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The bestseller is a Smorgasbord

ORIGINAL KIND On vibrant potluck’s bestseller lists, we sometimes find a book that stands out among the usual chili bowls, trays of baked ziti, and Krispie rice plates. This week, the dish isn’t quite like the others – thrillers, mysteries, memoirs or biographies, etc. – is Jennifer Raffbelong to “Origin, “Which our reviewer describes as “masterfully tells the story of how, and when, people came to the Americas”. Raff, an anthropological geneticist at the University of Kansas, writes in his introduction, “Looking at genetic evidence, we will examine the ways in which DNA has challenged and changed our understanding of genetics. of Native American history, with a particular focus on events that can only be understood indirectly with the archaeological record. Her approach will be able to reach the pickiest of readers, layering personal anecdotes with a visit to the sequencing lab, heavy on compassion and light on jargon. One Goodreads reviewer had this to say of Raff: “As a young mother, she couldn’t help but convey some bitterness in her account of toddler burial grounds. burial. In doing so, she emphasizes – as she does throughout the book – the humanity of the people whose remains are the object of study. “Origin” is Raff’s first book, and it’s on the hardcover nonfiction list at number eight.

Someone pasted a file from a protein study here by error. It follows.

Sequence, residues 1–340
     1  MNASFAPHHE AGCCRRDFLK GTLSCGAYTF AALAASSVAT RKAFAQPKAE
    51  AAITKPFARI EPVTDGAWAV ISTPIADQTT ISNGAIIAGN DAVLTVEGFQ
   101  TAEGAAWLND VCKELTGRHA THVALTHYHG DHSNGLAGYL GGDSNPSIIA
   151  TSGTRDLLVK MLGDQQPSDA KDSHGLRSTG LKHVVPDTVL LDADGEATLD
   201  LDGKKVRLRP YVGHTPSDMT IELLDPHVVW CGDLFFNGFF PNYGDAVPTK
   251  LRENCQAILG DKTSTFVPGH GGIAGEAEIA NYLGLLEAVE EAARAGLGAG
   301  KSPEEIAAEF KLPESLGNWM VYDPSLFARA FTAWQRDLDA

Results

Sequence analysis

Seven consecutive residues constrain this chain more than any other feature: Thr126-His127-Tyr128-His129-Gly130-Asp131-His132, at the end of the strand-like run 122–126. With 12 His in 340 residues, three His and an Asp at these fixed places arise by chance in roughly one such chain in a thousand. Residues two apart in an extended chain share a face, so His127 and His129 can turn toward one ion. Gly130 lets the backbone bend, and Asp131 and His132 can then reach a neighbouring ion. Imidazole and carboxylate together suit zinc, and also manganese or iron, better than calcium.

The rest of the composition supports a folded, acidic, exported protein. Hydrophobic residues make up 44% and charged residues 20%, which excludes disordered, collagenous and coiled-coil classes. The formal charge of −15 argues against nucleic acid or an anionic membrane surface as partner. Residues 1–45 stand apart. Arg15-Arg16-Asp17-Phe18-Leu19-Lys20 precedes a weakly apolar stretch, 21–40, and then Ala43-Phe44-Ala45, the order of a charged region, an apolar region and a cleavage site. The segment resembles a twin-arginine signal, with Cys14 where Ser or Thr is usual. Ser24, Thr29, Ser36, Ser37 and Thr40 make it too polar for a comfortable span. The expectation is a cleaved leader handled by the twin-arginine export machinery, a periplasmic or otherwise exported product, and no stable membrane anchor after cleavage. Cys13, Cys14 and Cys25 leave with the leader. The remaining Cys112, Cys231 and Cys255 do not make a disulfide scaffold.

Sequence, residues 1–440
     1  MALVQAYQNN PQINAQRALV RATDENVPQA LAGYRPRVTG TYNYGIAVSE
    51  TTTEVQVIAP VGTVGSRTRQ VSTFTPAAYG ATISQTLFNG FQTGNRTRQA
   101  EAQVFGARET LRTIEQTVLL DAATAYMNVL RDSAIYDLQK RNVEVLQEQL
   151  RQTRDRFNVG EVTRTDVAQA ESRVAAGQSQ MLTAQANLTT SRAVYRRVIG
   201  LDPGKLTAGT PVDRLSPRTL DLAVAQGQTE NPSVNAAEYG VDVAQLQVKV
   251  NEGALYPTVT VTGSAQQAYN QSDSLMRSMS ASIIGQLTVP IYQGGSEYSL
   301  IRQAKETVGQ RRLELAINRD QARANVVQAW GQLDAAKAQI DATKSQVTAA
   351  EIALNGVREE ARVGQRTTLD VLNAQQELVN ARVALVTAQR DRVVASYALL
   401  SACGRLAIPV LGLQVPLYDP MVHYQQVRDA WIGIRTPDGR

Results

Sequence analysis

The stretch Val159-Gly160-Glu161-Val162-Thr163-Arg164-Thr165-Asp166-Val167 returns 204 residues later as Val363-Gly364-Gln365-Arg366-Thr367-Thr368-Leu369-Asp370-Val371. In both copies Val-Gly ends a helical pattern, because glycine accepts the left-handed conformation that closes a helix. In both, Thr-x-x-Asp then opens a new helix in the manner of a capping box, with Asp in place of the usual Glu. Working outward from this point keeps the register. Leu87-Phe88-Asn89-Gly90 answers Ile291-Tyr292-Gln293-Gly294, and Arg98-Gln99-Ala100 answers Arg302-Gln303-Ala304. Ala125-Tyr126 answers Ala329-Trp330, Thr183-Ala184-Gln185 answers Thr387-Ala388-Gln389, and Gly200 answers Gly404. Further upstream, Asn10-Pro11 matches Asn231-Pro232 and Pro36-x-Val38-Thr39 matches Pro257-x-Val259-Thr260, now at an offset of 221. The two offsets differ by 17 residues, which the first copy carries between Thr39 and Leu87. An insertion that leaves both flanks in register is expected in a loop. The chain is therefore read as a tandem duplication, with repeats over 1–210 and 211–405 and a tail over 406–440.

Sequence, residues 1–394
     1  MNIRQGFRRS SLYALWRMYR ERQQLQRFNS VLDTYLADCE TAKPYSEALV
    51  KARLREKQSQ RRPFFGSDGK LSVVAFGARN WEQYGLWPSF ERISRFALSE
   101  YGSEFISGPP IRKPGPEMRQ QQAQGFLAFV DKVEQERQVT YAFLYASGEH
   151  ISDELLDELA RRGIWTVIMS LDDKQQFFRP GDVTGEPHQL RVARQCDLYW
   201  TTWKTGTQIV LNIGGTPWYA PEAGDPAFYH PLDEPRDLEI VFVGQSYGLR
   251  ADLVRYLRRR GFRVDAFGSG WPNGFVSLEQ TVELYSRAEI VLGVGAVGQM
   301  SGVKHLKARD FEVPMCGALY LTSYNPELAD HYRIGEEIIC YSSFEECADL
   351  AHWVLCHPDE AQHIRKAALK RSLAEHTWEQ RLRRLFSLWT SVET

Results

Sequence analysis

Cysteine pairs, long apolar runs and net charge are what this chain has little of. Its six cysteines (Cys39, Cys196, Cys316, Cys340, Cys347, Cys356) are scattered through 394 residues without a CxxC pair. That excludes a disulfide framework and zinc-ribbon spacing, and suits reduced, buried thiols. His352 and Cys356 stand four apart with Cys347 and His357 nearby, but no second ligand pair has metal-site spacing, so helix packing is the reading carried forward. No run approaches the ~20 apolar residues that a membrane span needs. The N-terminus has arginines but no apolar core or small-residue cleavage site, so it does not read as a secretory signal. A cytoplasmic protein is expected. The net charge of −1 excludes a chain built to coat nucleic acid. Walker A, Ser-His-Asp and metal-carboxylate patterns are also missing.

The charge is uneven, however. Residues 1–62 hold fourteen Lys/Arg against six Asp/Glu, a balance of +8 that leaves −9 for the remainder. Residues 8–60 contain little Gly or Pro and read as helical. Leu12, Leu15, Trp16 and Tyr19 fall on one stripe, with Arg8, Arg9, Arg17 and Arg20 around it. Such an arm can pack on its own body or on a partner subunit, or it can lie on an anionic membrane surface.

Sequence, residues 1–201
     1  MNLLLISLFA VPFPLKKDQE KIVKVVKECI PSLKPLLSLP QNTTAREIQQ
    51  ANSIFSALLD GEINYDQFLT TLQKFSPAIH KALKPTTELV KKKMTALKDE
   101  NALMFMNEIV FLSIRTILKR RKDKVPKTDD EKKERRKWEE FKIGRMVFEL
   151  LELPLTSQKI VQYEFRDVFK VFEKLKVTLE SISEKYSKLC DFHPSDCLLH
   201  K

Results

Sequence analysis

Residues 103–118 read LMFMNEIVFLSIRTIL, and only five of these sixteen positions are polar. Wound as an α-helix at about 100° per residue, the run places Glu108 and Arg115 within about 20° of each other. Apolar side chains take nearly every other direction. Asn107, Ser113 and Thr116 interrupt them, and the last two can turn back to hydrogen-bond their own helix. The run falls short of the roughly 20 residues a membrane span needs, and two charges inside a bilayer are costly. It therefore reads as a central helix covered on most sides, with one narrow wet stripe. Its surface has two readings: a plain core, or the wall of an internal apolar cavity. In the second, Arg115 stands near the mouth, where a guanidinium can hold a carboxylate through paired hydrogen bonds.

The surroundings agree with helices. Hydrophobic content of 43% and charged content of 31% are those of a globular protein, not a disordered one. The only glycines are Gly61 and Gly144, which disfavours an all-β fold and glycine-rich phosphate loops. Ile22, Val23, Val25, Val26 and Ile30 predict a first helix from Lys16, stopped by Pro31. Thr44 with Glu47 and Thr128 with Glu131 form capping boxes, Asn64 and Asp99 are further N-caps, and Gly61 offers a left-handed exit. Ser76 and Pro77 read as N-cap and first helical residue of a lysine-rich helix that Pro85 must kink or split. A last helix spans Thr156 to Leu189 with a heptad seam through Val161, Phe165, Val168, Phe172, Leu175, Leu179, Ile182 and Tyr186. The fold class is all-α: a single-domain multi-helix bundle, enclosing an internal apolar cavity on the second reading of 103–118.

MIRACLE WORK Have you tried paying attention long enough to hit this point in a column of modest length? You might want to check out another newcomer on the non-fiction list: “Spotlight is stolen,” by Johann Hari, debuted at number five. If Raff’s book is a surprise spanakopita in our moving party, Hari’s book is a plate of gobbled eggs, crammed with delicious eggs. The mouth-watering dish packs a nutritional punch. (Don’t consider whipped mayonnaise a superfood? Don’t sit next to me.) The journalist behind “Lost Connections” and “Chase the scream“Turn his attention away from his depression and his war on drugs to focus on distractions. Why is it so hard to read a book without scrolling through social media? Sure, technology is a culprit, but Hari also looks at other factors that lead to information overload, including sleep, stress, pollution, and yes, nutrition. Our reviewer wrote, “Even just focusing on focus for the time being is helpful and will ultimately give readers a novel and worthwhile way to measure the quality of their attention. our will.”

https://www.nytimes.com/2022/02/17/books/review/origin-jennifer-raff.html The bestseller is a Smorgasbord

Fry Electronics Team

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